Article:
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Most of the photos on this site were extracted from reference images (high-resolution tiffs, 20 to 200 megabytes in size) from the Library of Congress research archive. (To query the database click here.) Many were digitized by LOC contractors using a Sinar studio back. They are adjusted by your webmaster for contrast and color in Photoshop before being downsized and turned into the jpegs you see here.

 
 
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VINTAGRAPH • WPA • WWII • SYPHILIS ... SIX OUT OF TEN CURED, 1941

Frisco Alfresco: 1906

Frisco Alfresco: 1906

San Francisco, April 1906, after the earthquake and fire that leveled much of the city. "Cooking in the street." Detroit Publishing glass negative. View full size.

 

Living on the Edge

John Martini's identification of the photo to this block of Myrtle Street reveals just how narrow an escape these residents had. In this neighborhood, the fire was halted along Van Ness, which was the next street directly behind the photographer when he took this view. The red area in this detail of a 1907 San Francisco map shows the portion of the city that was destroyed by the fire. The small bright green rectangle indicates the location of this block of Myrtle Street, adjacent to the fire zone.

Mystery Box

I wonder what Charlie Chaplin is carrying up the street?

About street cooking

Yep. A number of first-hand narratives about the earthquake and fire aftermath are available online, for example this one and this one. Both mention the enforcement of no-indoor-flames rules.

Kaboom

These people were afraid that cooking indoors with their coal or wood (or gas) stoves might ignite any gas leaking from broken supply lines. Which of course is why much of the city burned after the earthquake.

Am I Warm?

They're cooking in the street for a Cinco de Mayo festival.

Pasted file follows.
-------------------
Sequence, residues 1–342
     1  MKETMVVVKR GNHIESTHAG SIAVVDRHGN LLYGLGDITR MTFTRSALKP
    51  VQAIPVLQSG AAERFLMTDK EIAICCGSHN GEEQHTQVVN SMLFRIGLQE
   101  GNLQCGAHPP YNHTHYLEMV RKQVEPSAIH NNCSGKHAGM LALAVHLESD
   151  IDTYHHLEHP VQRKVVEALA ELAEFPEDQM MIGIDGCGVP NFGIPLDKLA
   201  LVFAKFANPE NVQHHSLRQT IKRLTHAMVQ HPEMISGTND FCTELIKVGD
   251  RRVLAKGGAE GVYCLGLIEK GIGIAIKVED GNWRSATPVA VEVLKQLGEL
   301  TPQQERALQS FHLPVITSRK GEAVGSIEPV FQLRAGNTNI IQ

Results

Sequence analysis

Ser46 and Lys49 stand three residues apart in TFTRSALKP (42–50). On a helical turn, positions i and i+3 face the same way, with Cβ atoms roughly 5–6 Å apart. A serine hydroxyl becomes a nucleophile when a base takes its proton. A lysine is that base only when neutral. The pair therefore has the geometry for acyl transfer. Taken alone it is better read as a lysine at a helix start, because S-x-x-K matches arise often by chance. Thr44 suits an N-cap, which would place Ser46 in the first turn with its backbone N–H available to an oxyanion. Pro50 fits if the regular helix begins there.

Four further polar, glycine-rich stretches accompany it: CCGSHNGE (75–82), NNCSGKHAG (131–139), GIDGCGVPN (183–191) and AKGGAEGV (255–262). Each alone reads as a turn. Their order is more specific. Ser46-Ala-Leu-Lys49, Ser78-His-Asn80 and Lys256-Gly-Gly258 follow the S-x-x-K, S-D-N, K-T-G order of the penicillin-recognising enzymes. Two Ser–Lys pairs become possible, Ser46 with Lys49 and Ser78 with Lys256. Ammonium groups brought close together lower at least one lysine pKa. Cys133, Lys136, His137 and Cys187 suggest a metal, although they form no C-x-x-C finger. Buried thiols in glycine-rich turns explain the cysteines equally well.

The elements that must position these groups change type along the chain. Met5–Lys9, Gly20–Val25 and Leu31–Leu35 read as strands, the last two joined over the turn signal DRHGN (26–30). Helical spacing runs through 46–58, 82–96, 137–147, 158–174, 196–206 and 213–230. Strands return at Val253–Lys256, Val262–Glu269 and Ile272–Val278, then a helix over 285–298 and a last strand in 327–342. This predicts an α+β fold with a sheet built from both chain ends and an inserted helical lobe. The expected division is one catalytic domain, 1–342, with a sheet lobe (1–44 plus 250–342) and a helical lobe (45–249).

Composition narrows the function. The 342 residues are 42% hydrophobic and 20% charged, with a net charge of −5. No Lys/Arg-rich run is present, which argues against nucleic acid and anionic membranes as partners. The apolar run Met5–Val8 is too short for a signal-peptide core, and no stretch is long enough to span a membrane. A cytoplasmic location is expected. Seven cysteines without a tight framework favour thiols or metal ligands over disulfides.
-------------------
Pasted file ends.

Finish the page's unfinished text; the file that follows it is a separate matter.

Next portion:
Street cooking

Bonus question: Who can guess why, in a part of town where the buildings are still intact, people are cooking on the street?

Tiny Pirates

The lady swinging her fist is protecting the identity of the tiny pirate hiding behind her.

Re: Radical, dude!

Sure he will - right on top of the stove!!

Radical, dude!

That's a gnarly skateboard ramp man. You're never gonna land that one.

Myrtle Street

Took a bit of hunting but I found the location of this photo: Myrtle Street (or Alley) between Van Ness Avenue and Franklin Street. View is to the west, with the spire of the old First Unitarian Church just visible over the buildings at right. The Unitarian Church is still there but hidden from view. About the only survivor from the 1906 photo is the granite newel post.


View Larger Map

La Marelle Ronde (Round Hopscotch)

Those "astrology charts" look very much like hopscotch spirals, similar to the French Escargot hopscotch -- La Marelle Ronde.

Snail hopscotch

The "horoscope" on the road is a version of Snail Hopscotch. Instead of a T shape, you draw a spiral, then start at the outside on 1, hopping toward the centre, switch feet and hop out.

Played it endlessly as a kid, amongst other schoolyard games.

Virgo rising

Looks like someone drew an astrology chart on the pavement.

On the level

Evidently there's more of a hill on this street than meets the eye, judging by how the back legs of each kitchen range are shimmed.

Post no bills

Nor Freds or Jims or Kens either.

Hey -

"What's that guy with the camera lookin' at?!?"

 
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Shorpy.com | History in HD is a vintage photo blog featuring thousands of high-definition images from the 1850s to 1950s. The site is named after Shorpy Higginbotham, a teenage coal miner who lived 100 years ago.

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